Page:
Thursday, February 18, 2010

Deir Yassin Defined and Defended

I found a letter on Deir Yassin in the Times Literary Supplement and I willadd afterwards:

Deir Yassin

Sir, – Your issue of January 22 carries a review by Francis Robinson of Eugene Rogan’s The Arabs: A history which contains two errors of historical fact relating to Israel that require correction.

1. Regarding Dayr Yasin (Deir Yassin), Robinson refers to “the unprovoked attack”. The fact is that Deir Yassin was a militarized village and the base for irregular Muslim forces that were firing on Jewish West Jerusalem and were also about to mortar the Jewish supply line in the Battle of Jerusalem.

2. Robinson baldly states that the attack on Deir Yassin “left 250 villagers dead”. This is simply not true. Research by Arab Palestinian scholars published in 1987 gives a list of 107 villagers killed and twelve wounded, commenting that they were “absolutely convinced . . . that the number of those killed does not exceed 120 . . . . Our list was compiled on the basis of the testimony of Deir Yassin natives. We have devoted great effort to checking it and making certain every name is accurate” (Sharif Kanaana and Nihad Zaytawi, Deir Yassin, Monograph 4: Destroyed Palestinian Villages Documentation Project – Bir Zeit University, 1987).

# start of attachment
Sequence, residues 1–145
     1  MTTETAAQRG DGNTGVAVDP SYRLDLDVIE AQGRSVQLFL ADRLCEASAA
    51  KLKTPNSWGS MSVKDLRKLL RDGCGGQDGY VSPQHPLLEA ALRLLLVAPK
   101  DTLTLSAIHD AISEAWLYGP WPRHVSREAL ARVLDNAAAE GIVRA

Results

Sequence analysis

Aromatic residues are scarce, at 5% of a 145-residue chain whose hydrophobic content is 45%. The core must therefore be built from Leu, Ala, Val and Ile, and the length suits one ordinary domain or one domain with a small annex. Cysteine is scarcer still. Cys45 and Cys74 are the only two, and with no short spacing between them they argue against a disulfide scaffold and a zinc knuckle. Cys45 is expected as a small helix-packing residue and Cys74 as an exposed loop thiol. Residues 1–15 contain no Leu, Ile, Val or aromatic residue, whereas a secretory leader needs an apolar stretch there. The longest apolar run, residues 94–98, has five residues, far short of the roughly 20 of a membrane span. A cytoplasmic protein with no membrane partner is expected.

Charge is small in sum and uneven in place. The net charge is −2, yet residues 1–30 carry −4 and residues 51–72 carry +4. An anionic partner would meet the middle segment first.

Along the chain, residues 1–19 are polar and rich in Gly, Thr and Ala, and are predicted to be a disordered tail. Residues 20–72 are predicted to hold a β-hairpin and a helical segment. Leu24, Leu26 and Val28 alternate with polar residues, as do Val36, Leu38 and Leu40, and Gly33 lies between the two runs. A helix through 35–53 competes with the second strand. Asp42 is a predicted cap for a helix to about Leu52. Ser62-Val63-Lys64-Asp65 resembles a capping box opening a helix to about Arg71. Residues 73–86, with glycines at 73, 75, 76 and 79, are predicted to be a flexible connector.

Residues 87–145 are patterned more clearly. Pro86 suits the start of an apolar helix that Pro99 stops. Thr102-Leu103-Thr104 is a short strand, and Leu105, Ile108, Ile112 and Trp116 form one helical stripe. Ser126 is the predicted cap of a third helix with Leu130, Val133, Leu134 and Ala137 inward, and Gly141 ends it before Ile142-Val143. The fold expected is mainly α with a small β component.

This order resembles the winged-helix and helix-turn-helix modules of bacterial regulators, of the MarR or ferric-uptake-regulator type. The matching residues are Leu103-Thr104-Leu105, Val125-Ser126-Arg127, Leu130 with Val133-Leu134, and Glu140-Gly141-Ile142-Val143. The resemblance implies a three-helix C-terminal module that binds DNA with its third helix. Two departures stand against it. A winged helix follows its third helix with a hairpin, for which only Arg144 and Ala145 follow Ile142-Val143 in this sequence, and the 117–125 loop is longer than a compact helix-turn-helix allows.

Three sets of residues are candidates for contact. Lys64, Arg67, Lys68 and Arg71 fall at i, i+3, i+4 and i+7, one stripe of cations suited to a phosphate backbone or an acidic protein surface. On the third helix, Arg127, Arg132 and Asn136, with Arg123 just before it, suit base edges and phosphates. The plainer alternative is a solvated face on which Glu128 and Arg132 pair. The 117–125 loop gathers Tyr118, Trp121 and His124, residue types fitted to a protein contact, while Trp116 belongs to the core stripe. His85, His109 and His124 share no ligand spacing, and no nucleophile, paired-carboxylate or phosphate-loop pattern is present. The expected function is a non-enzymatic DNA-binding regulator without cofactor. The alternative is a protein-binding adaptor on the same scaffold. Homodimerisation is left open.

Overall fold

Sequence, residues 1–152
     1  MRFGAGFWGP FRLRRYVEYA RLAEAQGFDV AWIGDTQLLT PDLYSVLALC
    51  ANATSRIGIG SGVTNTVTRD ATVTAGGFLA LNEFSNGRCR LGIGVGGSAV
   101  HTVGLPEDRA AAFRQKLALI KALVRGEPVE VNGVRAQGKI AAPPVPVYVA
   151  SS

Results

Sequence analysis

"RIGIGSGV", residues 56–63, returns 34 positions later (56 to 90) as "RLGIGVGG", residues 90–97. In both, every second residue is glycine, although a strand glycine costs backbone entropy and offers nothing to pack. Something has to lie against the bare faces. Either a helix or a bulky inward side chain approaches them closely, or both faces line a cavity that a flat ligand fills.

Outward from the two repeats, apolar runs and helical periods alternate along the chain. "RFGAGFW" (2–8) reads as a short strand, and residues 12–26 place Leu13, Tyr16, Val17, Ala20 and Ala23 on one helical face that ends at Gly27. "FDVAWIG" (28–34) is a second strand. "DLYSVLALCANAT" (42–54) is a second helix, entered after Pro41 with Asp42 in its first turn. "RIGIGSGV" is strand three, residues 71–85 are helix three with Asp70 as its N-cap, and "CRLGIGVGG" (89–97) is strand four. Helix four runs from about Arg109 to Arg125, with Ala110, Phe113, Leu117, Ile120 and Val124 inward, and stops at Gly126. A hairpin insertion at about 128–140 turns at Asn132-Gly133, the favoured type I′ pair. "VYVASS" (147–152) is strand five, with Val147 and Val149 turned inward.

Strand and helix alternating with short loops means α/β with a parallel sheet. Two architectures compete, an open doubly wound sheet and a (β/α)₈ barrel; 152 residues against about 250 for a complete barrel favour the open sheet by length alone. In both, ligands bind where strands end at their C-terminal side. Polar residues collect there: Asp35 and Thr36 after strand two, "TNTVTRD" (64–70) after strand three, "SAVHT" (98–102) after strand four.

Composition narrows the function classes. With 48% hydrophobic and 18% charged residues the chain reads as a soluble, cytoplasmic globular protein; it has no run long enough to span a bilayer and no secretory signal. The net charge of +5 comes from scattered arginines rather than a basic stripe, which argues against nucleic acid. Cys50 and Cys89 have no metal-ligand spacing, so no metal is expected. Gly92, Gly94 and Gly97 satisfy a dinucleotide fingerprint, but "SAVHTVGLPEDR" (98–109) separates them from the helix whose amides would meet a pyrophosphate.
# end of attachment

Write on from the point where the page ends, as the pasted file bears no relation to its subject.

One survivor who had himself fought against the Jews at Deir Yassin counted ninety-three villagers killed, while another leader related that on the following day the leaders of the clans met in Jerusalem and counted 116 names of those who had not yet been found alive. These data come from Palestinian, not Israeli sources, and are readily available on the internet and elsewhere.

PAUL LAWRENCE ROSE
Center for Research on Antisemitism, Pennsylvania State University, University Park, Pennsylvania 16802.



Now, here is some more material (it seems to break up towards the bottom) from the ZOA study.



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and since we're on TLS, here's a letter of mine that didn't get published, on another subject:

In his review of P. G. Maxwell-Stuart's "SATAN: A biography" (TLS, 21 Jan 2010), James Sharpe writes that in order to explain evil's presence as a challenge to the one God, Christianity created "the devil. And from the high Middle Ages (at the latest) the devil, or Satan, was a dominant figure in European Christian culture." Satan, however, predates Christianity.

In Zechariah 3:1, he is rebuked by God for seeking to challenge the Jewish people's claim to Jerusalem. Satan is testing Job in the first chapter of that book and in I Chronicles 21, he is enticing David to conduct a census despite its prohibition. The earlier Hebraic concept of an evil force then is not one who himself is evil but one whose task is to test, to provocatively confront man's belief and actions. It would be fair to assume that Judaism was more than challenged by Christianity which leaves the theological question of what is evil.